Northeast Ag Production Costs Have Spiked 10%

Northeast Ag Production Costs Have Spiked 10%

Farm Credit East reports specific inputs have risen more than 33%.

You only have to look at your stack of bills to know it: Northeast farm production costs over the past 12 months have increased on average by 10.3%. That means many farm operations' costs are substantially higher than that.

Farm Credit East's Knowledge Exchange analysis indicates that particular cost areas have experienced year-over-year increases of more than a third. For instance, purchased feed is up 34%; Fertilizer is up 34%; Fuels are up 36%. 

WHATA JUMP! Since 2000, the Northeast's farm production cost index has spiked close to 80 points from the 100-point base. Source: Farm Credit East

Grain prices of all types are up significantly over last year due to tightness of supply and growth in the biofuels market, notes Bill Lipinski, CEO of Farm Credit East. With the close link between fertilizer prices and energy costs, agricultural producers are experiencing rising energy costs in more ways than one.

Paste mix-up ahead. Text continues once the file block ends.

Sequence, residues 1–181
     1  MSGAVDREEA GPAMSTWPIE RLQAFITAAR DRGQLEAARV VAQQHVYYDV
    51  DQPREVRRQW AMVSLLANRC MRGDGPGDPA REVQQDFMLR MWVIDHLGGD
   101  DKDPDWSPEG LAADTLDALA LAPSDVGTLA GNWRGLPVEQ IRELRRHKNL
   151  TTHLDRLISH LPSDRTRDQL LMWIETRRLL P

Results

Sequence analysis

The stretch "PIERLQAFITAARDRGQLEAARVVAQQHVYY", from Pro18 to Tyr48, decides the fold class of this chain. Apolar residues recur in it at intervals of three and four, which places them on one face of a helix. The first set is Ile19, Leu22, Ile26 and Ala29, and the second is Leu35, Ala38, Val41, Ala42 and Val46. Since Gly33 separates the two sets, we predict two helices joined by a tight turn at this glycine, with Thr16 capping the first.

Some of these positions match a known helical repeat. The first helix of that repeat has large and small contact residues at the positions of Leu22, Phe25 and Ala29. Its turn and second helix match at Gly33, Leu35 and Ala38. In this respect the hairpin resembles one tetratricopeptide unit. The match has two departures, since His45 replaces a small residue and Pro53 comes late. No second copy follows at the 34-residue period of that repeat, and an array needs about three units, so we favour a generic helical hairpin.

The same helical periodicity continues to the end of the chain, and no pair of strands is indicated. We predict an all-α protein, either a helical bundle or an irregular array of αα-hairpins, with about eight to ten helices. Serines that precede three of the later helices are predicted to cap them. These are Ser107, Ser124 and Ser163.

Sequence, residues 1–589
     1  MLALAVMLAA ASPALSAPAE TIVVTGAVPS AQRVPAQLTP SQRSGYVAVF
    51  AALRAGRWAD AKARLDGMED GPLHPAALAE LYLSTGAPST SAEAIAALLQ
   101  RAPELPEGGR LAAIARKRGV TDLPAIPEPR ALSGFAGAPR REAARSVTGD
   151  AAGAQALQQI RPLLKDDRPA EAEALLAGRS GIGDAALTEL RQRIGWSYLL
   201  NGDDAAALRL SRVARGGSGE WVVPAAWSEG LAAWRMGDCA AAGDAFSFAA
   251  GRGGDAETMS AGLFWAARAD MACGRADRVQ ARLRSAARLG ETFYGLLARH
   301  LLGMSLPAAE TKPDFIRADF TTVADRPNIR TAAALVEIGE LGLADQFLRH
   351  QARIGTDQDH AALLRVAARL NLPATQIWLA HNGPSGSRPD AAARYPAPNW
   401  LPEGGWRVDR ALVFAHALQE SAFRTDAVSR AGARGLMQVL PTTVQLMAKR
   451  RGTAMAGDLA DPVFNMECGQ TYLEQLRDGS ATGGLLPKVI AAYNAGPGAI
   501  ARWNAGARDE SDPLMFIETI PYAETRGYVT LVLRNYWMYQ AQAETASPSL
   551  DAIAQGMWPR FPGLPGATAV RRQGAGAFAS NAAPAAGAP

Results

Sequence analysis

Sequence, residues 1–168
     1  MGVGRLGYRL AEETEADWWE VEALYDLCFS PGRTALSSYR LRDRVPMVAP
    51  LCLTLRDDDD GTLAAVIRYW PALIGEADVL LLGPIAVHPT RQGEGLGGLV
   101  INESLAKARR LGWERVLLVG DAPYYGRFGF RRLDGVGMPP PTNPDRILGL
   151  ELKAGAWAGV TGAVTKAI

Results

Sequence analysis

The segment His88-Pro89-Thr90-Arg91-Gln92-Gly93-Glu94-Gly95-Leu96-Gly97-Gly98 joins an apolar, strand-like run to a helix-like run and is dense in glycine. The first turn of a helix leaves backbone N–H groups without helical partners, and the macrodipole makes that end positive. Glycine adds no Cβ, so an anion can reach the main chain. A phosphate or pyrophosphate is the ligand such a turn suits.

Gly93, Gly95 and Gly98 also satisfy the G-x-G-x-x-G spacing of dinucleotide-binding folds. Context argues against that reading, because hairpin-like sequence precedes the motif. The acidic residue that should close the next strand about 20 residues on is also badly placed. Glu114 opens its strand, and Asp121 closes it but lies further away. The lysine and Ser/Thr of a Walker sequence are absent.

Most other production costs have increased at, or slightly above, the rate of inflation. But Lipinski notes that one of the continuing issues is ensuring an adequate labor force. Immigration enforcement efforts continue to create challenges, and farm businesses find it increasingly difficult to use guest worker programs.

For some businesses, this is creating major challenges and additional costs, he adds. And, it's also discouraging some farms from expanding their operations. That's why it's so important," stresses this Farm Credit executive, "that Congress establishes a workable guest worker program for agriculture that will ensure farm products continue to be grown in this country."  

Even so, Lipinski says Northeast agriculture has the ability to grow, creating jobs and economic activity throughout the region. "I am very optimistic about Northeast agriculture," he maintains.

It has all to do with nearly half of the country's consumer base being on the East Coast. Consumers will greatly support Northeast farmers by buying local farm products and visiting farm markets, greenhouse operations and wineries throughout the region. And that support is already making a difference for progressive, consumer-oriented ag marketers.

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